Click HERE for Part One.
William G.T. Shedd, writing about God’s choice regarding the origin of sin and allowing sin to continue, says, “The permissive decree as related to the origin of sin presents a difficulty that does not exist in reference to the continuance of sin…. is an inscrutable mystery”[i] (italics added). Of course, the origin of sin is a “difficulty” and “inscrutable mystery” only because of Calvinism’s compatibilist view of free will. Continue reading
Calvinists believe that man is free to choose according to his greatest desire. For example, Jonathan Edwards believed in what he called “strength of motive.”[i] He said concerning such, “I suppose the will is always determined by the strongest motive.”[ii] Therefore, Edwards argued that one freely chooses to act according to his “strongest motive.” Regarding the nature of free choice, he also said that it is “the ability to do what we will, or according to our pleasure.”[iii]
Consequently, according to Edwards, man’s freedom to choose is determined by his nature and his desires. In other words, man is free to choose to do his greatest desire. Of course, this is the Calvinist view of free will as defined by compatibilism.[iv] It is important to note two very important components of this view. First, the desire or nature from which the desire emanates is not chosen—i.e. a person’s past. Second, the unchosen desire is in fact determinative of what the free choice will be.
That is to say, the Calvinist believes man is free to choose according to his greatest desire but not contrarily. Therefore, his free choice is actually determined by his desire. For example, according to Edwards, sinful man will always freely choose to do his greatest desire, which is to sin. The greatest desire is a part of his nature. Fallen man will never choose to follow Christ without first having his nature changed to emanate new desires; this is the basis for the Calvinist position that regeneration precedes faith.[v]
This view of freedom also highlights the compatibilist’s inability to answer satisfactorily the question of what caused the first sin. Because if man chooses according to his greatest desire, and man chose to sin, then sin must have been his greatest desire. This leads to the disturbing question of where did the desire come from? Of course, it had to come from God since God created everything. Thus, according to Calvinism, God gave the desire, which unavoidably birthed the choice to sin, and this desire God called “very good” (Genesis 1:31). Therefore, God must have, in some very significant sense, desired for man to sin or else He would not have given him a nature or past emanating such desire (this desire being more than merely the desire to create, which all recognize), a disquieting reality. In the same way, when God desires people to be saved, He must choose to regenerate in order to give them a new nature with new desires so they will freely choose to exercise faith in Christ. Continue reading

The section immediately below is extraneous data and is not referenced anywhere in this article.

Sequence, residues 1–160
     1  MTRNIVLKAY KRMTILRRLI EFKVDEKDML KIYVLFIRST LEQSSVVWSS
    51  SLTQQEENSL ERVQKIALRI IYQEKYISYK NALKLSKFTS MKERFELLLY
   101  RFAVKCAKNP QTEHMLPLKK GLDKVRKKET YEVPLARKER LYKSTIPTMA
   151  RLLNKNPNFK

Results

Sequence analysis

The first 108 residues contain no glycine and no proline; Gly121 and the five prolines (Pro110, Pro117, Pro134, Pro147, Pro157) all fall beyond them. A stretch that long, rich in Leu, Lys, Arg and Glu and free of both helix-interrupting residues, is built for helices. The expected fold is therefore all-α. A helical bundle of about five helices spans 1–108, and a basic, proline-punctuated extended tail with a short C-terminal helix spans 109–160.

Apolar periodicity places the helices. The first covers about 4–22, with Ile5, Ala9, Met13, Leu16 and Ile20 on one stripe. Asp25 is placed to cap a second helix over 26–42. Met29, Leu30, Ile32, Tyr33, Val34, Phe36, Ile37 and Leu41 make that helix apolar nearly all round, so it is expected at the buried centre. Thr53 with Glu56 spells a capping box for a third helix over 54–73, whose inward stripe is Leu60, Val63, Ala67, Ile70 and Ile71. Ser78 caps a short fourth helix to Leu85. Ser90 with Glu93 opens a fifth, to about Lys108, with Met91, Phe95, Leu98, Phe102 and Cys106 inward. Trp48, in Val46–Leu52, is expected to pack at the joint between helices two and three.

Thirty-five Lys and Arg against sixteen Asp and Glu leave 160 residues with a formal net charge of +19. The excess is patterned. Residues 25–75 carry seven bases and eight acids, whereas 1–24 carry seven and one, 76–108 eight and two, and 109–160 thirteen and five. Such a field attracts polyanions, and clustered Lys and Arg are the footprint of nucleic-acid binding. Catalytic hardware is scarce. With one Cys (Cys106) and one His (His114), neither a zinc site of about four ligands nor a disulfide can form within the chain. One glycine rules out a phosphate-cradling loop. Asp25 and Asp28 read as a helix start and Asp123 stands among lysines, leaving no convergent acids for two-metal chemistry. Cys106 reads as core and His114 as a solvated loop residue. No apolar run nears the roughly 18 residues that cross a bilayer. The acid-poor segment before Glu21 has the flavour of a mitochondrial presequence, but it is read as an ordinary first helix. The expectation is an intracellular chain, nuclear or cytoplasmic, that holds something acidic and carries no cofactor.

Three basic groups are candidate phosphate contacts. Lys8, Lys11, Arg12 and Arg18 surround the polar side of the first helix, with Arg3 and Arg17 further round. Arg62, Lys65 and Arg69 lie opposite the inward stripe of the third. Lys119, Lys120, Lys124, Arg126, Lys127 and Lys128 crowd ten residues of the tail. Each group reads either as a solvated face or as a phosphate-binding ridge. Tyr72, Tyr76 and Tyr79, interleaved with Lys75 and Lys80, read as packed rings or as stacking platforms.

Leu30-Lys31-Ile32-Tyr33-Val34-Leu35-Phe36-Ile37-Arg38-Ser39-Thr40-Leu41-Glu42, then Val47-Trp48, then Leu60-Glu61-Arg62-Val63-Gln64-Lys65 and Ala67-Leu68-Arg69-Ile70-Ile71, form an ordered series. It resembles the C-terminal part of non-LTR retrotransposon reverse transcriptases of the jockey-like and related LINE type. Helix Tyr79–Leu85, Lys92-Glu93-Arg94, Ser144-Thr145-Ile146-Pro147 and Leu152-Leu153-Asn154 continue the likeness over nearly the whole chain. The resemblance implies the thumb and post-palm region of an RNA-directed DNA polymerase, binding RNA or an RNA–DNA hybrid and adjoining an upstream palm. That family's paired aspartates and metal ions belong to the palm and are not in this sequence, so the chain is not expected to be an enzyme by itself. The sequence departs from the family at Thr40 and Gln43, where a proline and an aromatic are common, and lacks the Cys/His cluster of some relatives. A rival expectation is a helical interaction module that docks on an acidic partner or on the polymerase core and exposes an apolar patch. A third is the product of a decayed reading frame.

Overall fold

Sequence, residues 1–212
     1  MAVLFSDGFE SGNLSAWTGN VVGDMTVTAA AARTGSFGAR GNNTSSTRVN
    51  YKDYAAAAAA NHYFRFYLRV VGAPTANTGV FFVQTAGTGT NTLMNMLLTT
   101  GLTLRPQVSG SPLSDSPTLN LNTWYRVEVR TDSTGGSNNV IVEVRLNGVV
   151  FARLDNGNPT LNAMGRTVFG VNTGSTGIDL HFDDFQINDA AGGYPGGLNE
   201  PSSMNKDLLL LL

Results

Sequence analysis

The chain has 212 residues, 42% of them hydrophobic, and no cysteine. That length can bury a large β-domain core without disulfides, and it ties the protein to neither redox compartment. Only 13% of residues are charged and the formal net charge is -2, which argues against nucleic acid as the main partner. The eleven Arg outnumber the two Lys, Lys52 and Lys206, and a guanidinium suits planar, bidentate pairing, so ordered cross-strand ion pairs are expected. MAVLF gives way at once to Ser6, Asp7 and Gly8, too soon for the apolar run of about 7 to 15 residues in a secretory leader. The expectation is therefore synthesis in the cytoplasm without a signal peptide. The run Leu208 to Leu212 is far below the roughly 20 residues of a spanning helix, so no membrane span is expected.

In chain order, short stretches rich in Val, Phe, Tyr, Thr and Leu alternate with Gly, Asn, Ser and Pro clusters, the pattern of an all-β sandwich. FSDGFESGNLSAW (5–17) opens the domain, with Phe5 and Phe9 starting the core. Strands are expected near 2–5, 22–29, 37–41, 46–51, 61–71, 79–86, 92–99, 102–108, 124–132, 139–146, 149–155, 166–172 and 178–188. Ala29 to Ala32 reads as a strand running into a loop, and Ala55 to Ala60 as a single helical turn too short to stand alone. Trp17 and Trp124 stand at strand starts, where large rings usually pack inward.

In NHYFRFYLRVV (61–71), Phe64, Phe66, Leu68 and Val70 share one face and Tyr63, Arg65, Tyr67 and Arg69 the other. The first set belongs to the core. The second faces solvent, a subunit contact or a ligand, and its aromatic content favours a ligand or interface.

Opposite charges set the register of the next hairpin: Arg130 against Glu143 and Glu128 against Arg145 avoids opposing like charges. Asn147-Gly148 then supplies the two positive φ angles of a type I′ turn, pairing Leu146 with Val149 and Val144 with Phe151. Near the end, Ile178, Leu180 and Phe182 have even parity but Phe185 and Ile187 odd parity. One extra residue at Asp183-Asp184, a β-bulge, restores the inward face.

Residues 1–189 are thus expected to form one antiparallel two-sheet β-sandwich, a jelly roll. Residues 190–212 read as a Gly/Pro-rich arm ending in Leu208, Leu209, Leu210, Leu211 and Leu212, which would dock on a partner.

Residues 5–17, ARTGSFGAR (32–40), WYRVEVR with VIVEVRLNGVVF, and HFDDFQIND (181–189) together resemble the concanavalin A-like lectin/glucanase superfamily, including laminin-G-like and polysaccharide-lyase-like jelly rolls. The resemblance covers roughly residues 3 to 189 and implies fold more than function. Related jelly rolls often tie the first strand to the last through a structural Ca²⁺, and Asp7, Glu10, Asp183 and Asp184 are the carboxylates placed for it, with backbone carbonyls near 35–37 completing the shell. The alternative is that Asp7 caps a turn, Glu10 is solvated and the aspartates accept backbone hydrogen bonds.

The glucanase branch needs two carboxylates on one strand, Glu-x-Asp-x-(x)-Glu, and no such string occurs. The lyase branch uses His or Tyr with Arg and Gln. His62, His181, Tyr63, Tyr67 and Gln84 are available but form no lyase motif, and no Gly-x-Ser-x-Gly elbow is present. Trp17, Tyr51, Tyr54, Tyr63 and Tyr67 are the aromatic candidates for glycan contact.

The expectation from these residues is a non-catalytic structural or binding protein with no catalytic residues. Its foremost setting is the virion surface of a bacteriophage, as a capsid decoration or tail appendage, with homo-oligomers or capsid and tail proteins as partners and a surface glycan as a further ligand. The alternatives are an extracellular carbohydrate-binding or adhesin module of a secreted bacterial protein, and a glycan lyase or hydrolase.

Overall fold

**This article was previously posted by Leighton Flowers on his website www.soteriology101.com and is used by permission.
Leighton is: teaching pastor in his local church, an adjunct Professor of Theology, and the Youth Evangelism Director for Texas Baptists.
It should be noted, the text William references to prove that the Gospel is an insufficient work of Grace to lead sinners to repentance does not even mention the Gospel (nor is it even written at a time when the gospel had been fulfilled and commissioned to go into all the world). As we have more fully developed in other articles, the fact that Jesus was purposefully hiding His identity from the Jewish leaders of that day and not entrusting Himself to most of Israel while “down from Heaven,” clearly indicates they were not privy to the appeal of the Gospel’s calling to repentance and faith in the death, burial and resurrection of the Messiah for the redemption of sin. This is a concept not even understood by His closest followers until after His resurrection (“when he is lifted up” – John 12:32).
After Christ is raised up, the message of the Gospel is complete and His messengers are commissioned to “go into all the world and preach” and in so doing, “drawing all people to Himself.” (John 12:32; Acts 1:8; Matt. 28:16-20).
St Paul argues: “Do you not realize that God’s kindness,” ???????????, “divine kindness and Spirit-produced goodness” (link), “is meant to lead you to repentance?” (Rom. 2:4)